Of course, there are a couple of areas here in which you could end up in trouble. For instance, you likely won’t be the only student with this idea, which means that you may not be able to get the book that you need if you don’t act fast enough. The library only has a limited number of copies of each book, so if you miss out, you may end up needing to buy the book anyway, and you could be dealing with higher prices due to higher demand. You may also have waited too long and end up with a book that is out of stock.

The other issue is that libraries often only let students keep a book for a specific period of time. This means you won’t be able to hang on to a text all semester. So, if you’re looking for a textbook that you know you’ll use all semester long, the library may not be the best option for that specific book.

However, if you’re only doing a quick reading unit on a text, you should be able to get away with a library book, especially if you dedicate a certain amount of time to reading the text in its entirety and then return it before the deadline to avoid any late fees or issues with checking the book out again.

The bottom line? Libraries are great resources, but they aren’t going to be the most reliable option for you.

3. SparkNotes

Many people aren’t actually aware of this, but SparkNotes isn’t only an online Shakespeare reference to help you understand older texts. In fact, SparkNotes offers commentary, summaries, study guides, videos, and countless other resources for just about any text that you can think of, and that’s not specific to literary works.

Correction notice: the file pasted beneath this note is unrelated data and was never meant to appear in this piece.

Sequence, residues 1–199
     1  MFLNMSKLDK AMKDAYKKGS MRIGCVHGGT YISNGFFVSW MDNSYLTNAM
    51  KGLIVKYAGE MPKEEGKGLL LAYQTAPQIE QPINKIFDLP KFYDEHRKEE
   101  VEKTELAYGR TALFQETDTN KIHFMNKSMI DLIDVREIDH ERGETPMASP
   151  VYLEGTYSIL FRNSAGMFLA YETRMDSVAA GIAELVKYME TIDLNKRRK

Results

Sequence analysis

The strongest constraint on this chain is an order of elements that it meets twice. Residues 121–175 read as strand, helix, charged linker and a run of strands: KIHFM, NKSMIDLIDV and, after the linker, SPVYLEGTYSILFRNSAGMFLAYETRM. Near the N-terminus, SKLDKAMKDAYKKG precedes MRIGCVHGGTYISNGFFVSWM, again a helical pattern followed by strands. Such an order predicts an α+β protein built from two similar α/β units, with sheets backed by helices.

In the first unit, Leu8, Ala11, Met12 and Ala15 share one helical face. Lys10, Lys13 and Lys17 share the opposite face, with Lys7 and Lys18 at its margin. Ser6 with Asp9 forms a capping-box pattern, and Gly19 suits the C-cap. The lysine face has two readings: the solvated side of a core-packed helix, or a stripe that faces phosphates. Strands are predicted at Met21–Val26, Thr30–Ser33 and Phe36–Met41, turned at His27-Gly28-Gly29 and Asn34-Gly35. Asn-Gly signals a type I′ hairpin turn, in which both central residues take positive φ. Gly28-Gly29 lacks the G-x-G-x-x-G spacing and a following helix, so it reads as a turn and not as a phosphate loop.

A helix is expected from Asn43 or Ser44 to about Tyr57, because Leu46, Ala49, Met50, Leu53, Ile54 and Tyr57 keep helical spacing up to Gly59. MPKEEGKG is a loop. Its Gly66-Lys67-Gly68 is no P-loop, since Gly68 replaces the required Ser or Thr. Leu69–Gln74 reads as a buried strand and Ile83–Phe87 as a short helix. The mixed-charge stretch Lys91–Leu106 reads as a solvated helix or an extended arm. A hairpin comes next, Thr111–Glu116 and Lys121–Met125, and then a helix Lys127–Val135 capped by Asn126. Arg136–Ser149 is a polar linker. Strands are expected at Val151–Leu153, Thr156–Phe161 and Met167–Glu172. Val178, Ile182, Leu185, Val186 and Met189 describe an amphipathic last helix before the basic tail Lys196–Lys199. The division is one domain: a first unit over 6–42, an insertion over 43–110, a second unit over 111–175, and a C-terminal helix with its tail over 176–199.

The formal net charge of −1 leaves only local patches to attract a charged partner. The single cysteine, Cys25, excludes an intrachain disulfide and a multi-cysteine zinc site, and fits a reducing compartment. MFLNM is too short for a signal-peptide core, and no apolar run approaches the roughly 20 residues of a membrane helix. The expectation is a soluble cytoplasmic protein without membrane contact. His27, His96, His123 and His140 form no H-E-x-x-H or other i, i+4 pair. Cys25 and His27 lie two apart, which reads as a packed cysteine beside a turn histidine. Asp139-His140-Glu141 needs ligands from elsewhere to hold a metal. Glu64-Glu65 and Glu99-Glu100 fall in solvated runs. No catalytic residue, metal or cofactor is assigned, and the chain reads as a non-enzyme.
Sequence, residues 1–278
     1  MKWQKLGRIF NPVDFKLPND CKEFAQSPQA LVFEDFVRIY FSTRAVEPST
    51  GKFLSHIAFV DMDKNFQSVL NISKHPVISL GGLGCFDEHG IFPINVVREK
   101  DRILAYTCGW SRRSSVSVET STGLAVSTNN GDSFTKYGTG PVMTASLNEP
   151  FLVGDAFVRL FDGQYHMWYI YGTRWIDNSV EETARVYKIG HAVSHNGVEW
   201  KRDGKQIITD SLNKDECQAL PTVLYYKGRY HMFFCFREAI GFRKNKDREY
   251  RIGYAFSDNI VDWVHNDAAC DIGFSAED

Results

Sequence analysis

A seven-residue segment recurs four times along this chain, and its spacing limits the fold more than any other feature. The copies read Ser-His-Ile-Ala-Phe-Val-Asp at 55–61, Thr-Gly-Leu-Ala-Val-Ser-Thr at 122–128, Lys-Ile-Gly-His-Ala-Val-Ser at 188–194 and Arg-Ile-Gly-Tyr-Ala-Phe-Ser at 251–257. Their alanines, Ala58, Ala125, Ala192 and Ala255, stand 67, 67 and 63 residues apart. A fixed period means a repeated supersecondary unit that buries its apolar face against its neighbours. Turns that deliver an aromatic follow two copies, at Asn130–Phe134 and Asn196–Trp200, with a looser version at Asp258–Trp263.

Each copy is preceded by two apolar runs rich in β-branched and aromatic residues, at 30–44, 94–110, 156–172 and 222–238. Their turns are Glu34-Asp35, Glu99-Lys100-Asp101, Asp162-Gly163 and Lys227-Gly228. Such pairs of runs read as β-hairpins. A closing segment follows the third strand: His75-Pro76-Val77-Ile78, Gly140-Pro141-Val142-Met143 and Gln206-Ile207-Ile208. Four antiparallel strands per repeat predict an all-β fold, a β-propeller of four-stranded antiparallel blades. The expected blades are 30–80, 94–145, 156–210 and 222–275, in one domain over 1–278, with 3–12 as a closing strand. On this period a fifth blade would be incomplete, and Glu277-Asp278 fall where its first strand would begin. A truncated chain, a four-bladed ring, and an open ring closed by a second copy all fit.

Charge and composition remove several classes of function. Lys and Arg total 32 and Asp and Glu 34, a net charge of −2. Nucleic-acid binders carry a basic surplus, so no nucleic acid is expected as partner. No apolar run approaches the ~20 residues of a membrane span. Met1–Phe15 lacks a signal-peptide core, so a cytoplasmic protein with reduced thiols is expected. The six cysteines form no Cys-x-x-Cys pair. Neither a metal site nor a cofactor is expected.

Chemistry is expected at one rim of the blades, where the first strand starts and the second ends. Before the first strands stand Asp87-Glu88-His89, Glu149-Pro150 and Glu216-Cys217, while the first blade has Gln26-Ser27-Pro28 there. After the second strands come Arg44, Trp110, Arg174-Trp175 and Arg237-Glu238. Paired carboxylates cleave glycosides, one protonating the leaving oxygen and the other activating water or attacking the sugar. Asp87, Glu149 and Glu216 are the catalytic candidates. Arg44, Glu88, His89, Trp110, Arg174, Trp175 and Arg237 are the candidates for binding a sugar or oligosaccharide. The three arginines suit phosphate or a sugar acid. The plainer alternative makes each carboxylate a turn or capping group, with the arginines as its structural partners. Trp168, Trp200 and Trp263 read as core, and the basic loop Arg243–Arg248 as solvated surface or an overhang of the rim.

Subjects such as biology, chemistry, film, economics, and even drama are available on the website for help analyzing whatever works you are currently reading in your course, whatever the course may be.

While it’s easy to fall into the trap of using SparkNotes to simply summarize a text without needing to read it, it’s more beneficial to use it in order to further understand a text that you’ve already read.

In other words, this isn’t a resource meant to help you cheat your way out of a textbook, but rather to help you get the most out of your textbook, ensuring purchasing it was not a waste of money.

4. Discussion Groups

Starting a discussion group is a great way to stay on top of your coursework, as it not only holds you accountable for getting your homework done, but it also helps you to discuss and further digest the readings that you’ve been assigned in order to do well in your class.

Discussion groups typically consist of small groups of individuals from the class you’re taking that meet regularly (cadence is up to those within the group and how often is necessary to meet to discuss) to talk through the readings and help each other get a better understanding.

These groups are a great way to ask questions, analyze things you hadn’t thought about in your own reading and ultimately get other perspectives to see if you’re on the right path in your own studies.